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Questionnaire Design. Question Design Is it an Art? Or a Science?

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Presentation on theme: "Questionnaire Design. Question Design Is it an Art? Or a Science?"— Presentation transcript:

1 Questionnaire Design

2 Question Design Is it an Art? Or a Science?

3 Something to think about “The reason that seemingly good advice, taken literally, may turn out to be bad advice is that questions are not written in the abstract. Writing questions for a particular questionnaire means constructing them for a particular population, a particular purpose, and placement next to another particular question.”

4 The challenge “It is the need to consider many competing things at once that makes it difficult to write questions for self-administered surveys” (Dillman, 2000)

5 Objectives in designing questionnaires To maximise response rates  Every potential respondent will be willing to answer To obtain accurate relevant information  Every potential respondent will interpret in the same way,  Be able to respond to accurately

6 Deciding what to ask Information we are primarily interested in (ie dependent variables) Information which might explain the dependent variables (ie independent variables) Other factors related to both dependent and independent factors which may distort the results and have to be adjusted for (ie confounding variables).

7 Question content Types of question content:  Behaviour (what people DO)  Beliefs (what people believe is TRUE or FALSE)  Attitudes (what people think is DESIRABLE)  Attributes (respondent’s CHARACTERISTICS)

8 Overview Question structure Wording of individual questions Criteria for assessing questions Questionnaire layout Pilot testing

9 Question structure 3 main types  Open-ended question  Closed-ended question with ordered response categories  Close-ended question with unordered response categories

10 Open-ended questions No answer choices are provided Used in exploratory research Disadvantage: inability to get adequate answers, time-consuming coding Example: “What was your reason for screening?” _________________________ (Reason for screening)

11 Example What is your current occupation? ______________________ Occupation What kind of work do you do? ______________________ Kind of work What is the name of your employer? _________________________ Name of employer

12 Closed questions Also called forced choice-format Easy and quick to fill in Minimise discrimination against the less literate / less articulate Easy to code, record, and analyse results quantitatively Easy to report results Disadvantage: can create false opinions due to insufficient range of alternatives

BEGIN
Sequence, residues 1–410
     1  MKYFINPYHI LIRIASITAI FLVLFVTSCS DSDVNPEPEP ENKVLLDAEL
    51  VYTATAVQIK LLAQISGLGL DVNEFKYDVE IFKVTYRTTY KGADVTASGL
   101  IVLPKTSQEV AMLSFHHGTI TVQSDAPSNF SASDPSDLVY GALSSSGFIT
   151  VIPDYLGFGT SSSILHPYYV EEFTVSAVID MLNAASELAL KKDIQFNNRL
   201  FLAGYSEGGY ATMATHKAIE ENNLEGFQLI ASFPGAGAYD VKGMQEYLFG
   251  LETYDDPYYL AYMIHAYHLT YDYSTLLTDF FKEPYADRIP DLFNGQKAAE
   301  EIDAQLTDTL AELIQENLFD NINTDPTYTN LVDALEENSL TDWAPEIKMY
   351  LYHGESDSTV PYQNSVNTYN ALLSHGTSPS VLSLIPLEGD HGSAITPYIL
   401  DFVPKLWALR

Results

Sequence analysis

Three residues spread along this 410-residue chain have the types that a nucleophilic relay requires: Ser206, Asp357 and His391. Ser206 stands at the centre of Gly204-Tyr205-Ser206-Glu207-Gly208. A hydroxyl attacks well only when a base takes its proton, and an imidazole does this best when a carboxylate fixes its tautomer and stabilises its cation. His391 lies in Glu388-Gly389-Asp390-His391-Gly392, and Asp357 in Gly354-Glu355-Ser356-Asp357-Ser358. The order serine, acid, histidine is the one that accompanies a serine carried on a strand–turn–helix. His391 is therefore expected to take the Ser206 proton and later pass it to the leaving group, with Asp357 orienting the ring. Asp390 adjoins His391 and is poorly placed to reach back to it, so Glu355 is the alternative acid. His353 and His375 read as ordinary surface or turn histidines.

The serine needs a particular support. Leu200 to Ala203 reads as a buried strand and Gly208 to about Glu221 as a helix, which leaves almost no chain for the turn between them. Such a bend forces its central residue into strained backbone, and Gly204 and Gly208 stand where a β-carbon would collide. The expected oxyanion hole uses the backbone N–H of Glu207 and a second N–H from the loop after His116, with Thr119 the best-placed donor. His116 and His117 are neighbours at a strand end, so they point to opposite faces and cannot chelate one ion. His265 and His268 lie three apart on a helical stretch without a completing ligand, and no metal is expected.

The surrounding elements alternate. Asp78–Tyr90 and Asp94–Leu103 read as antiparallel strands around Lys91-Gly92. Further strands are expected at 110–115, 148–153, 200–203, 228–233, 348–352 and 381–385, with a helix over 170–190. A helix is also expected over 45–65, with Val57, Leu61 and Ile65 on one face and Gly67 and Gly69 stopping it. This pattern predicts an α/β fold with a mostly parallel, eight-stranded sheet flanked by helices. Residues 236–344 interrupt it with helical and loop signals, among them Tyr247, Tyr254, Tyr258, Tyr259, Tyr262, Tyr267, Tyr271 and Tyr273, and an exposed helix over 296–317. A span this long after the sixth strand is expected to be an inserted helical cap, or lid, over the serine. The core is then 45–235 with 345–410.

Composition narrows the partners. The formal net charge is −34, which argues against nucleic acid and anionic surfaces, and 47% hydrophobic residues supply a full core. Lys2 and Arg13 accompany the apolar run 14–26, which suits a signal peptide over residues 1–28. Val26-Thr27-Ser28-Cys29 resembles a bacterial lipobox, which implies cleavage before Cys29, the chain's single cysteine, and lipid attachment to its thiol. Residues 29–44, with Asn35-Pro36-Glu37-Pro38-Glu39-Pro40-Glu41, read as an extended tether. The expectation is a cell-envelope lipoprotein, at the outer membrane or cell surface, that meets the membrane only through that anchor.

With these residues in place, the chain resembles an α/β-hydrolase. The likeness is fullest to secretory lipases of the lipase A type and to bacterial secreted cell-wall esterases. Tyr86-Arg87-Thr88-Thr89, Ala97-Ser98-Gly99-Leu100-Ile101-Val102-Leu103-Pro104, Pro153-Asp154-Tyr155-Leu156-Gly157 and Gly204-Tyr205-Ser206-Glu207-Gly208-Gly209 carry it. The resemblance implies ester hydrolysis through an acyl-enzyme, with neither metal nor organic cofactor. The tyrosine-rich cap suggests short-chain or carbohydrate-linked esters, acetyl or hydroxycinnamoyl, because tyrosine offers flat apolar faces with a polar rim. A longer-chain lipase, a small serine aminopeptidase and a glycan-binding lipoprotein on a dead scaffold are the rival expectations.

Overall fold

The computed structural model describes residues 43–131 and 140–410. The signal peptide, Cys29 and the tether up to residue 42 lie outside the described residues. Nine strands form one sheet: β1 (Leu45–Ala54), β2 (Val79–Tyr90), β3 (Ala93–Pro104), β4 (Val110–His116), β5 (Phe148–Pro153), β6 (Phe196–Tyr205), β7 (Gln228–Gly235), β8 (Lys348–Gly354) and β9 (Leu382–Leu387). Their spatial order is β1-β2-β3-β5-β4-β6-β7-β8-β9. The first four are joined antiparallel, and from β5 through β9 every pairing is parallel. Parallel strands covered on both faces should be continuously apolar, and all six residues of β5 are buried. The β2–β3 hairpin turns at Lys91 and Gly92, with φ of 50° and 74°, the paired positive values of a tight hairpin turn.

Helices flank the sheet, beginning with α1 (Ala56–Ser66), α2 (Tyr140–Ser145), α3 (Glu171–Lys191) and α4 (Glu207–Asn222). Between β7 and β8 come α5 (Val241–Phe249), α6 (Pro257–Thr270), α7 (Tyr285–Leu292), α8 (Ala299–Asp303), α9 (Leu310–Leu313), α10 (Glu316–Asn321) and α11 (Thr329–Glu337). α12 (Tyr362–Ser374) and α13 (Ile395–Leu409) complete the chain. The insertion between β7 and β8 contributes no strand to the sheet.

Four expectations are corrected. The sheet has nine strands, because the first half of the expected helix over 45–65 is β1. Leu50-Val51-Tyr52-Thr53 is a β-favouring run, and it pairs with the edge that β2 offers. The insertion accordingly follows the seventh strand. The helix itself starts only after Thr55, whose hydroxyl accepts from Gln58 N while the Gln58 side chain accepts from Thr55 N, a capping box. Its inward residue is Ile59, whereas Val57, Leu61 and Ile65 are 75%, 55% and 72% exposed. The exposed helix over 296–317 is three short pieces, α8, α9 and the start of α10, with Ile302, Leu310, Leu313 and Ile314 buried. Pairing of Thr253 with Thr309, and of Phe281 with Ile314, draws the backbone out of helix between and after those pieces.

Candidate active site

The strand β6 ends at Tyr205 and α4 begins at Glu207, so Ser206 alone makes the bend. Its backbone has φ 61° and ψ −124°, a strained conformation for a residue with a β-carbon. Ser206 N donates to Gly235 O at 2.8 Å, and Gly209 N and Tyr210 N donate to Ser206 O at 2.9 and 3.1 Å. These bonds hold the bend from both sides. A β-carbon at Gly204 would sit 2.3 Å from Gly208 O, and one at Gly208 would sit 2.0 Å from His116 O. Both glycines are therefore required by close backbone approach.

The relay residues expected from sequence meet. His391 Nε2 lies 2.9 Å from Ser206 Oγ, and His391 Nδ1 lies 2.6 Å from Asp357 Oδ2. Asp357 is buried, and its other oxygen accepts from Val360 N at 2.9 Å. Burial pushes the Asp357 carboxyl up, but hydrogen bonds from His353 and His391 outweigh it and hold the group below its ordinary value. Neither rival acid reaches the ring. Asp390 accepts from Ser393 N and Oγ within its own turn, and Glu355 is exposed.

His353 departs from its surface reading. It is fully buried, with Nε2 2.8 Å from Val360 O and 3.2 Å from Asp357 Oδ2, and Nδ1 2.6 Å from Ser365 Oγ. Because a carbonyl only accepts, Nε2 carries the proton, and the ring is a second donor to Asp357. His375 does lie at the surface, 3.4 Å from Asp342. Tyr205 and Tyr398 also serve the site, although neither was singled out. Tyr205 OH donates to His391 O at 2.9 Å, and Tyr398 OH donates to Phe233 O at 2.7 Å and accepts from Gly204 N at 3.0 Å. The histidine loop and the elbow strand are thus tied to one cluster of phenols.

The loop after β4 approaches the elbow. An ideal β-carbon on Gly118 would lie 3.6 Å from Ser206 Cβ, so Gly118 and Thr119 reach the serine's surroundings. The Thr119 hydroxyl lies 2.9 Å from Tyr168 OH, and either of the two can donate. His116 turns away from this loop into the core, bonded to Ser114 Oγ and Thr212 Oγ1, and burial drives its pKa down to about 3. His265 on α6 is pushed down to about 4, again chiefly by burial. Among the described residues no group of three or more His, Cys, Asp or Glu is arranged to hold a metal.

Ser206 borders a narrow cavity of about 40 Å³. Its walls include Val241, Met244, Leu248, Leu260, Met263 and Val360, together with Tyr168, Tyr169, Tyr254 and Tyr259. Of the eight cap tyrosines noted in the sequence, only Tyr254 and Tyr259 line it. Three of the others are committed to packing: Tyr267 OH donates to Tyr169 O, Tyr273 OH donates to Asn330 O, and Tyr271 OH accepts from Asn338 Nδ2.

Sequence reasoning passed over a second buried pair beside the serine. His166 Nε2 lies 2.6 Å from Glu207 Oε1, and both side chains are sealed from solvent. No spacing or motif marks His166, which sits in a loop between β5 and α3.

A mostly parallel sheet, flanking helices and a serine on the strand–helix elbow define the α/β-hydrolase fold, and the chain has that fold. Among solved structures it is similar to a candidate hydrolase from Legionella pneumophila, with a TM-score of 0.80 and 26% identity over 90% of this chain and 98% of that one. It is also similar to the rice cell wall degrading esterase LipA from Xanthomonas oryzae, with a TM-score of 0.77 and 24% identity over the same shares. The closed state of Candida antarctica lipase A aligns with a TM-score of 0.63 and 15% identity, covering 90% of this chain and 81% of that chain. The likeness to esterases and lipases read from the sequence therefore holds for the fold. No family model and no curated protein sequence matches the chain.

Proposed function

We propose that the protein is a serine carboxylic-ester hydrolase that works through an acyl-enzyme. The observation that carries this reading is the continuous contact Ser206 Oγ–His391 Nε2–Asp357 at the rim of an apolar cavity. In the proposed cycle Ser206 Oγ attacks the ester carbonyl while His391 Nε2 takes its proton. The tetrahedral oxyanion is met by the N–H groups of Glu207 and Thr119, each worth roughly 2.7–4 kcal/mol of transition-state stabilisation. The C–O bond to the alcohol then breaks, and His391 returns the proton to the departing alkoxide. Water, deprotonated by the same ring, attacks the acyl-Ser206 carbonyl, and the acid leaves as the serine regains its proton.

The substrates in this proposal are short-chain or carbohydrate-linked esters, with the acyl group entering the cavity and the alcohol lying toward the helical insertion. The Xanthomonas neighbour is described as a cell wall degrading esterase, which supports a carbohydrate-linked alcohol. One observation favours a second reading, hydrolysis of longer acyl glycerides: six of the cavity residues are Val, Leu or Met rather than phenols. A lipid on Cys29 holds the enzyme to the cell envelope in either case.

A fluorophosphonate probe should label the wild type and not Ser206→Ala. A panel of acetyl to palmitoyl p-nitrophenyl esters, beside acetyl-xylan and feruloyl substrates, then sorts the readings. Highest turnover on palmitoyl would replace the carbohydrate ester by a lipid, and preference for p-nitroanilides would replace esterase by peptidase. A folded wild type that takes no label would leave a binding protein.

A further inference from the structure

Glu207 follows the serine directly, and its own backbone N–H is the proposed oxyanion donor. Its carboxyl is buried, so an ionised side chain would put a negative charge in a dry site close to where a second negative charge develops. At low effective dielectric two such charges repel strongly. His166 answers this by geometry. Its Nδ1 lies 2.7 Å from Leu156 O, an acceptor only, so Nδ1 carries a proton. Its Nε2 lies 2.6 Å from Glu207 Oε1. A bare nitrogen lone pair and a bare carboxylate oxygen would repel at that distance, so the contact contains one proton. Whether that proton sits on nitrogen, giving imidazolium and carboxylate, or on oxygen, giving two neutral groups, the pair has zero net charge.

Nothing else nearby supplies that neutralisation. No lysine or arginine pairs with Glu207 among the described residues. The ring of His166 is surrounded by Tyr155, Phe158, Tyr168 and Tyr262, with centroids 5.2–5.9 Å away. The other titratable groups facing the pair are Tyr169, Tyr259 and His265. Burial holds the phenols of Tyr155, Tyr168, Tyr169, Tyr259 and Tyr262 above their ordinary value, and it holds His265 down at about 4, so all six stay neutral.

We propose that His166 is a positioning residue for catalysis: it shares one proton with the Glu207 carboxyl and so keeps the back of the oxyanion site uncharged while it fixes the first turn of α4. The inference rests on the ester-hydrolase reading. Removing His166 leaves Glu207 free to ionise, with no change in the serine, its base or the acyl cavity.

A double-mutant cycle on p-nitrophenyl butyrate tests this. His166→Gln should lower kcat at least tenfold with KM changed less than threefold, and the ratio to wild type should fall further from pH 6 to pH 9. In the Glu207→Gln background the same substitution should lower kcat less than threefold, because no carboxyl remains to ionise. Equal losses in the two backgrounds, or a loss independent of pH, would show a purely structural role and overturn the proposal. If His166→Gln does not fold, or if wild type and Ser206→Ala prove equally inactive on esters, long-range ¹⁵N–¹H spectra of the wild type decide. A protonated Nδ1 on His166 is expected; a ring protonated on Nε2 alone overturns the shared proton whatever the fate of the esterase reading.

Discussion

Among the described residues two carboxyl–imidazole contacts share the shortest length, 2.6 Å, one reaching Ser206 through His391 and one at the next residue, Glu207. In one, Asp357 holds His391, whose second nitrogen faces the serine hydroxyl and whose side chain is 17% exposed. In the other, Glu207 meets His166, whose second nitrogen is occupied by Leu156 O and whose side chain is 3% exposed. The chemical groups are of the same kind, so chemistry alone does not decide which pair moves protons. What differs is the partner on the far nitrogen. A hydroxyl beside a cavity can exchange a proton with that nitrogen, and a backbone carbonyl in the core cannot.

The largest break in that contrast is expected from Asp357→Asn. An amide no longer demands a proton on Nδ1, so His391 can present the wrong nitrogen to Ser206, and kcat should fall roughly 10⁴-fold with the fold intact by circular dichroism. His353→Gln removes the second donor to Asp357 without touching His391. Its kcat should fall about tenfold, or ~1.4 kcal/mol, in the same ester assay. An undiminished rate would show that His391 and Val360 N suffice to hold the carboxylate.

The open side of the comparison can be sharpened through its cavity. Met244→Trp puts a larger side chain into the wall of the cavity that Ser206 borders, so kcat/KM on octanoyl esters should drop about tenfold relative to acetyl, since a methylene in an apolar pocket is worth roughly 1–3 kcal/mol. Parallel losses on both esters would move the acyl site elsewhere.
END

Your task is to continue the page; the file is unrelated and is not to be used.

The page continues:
13 Closed questions - ordered response categories Likert scales e.g., FOBT is an effective test for a population- based CRC screening program:  Strongly agree  Agree  Neither agree or disagree/ Not sure  Disagree  Strongly disagree

14 Closed question - ordered response categories continued Differential scales e.g., “How would you rate the presentation?” Extremely interesting Extremely dull It may also be diagrammatic: Extremely interesting Extremely dull

15 Closed questions - ordered response categories cont Scalar options  Strongly agree to strongly disagree  Very favourable to very unfavourable  Excellent to poor  Extremely satisfied to extremely dissatisfied  High priority goal to low priority goal  A complete success to a complete failure  A scale of 1-7 (or 1-10 or 1-100) where 1 means lowest possible quality and 7 (or 10 or 100) means highest possible quality  A scale of -3 to +3 where -3 means completely lacks this characteristic and +3 means completely exhibits this characteristic

16 Closed questions – unordered response categories Choice of categories e.g., “What method of service delivery do you prefer for population-based colorectal cancer screening?”  A centrally coordinated program (eg, like the breast cancer screening program)  Through GPs (eg, like the cervical cancer screening program)  Program involving a centralised system, with secondary involvement of GPs for information, counselling and on- going management  Self-testing kits made available to the public directly (eg, through pharmacies)

17 Closed questions - unordered response categories cont Checklists “What qualities are important in a supervisor? Circle as many options as apply” Patience Intelligence Research experience Teaching ability Good looks Good personal hygiene Ranking “Please rank the importance of the following qualities in a supervisor from most to least important by placing a 1 next to the most important, a 2 next to the second most important and so forth” 2 Patience 5 Intelligence 4 Research experience 3 Teaching ability 1 Good looks 6 Good personal hygiene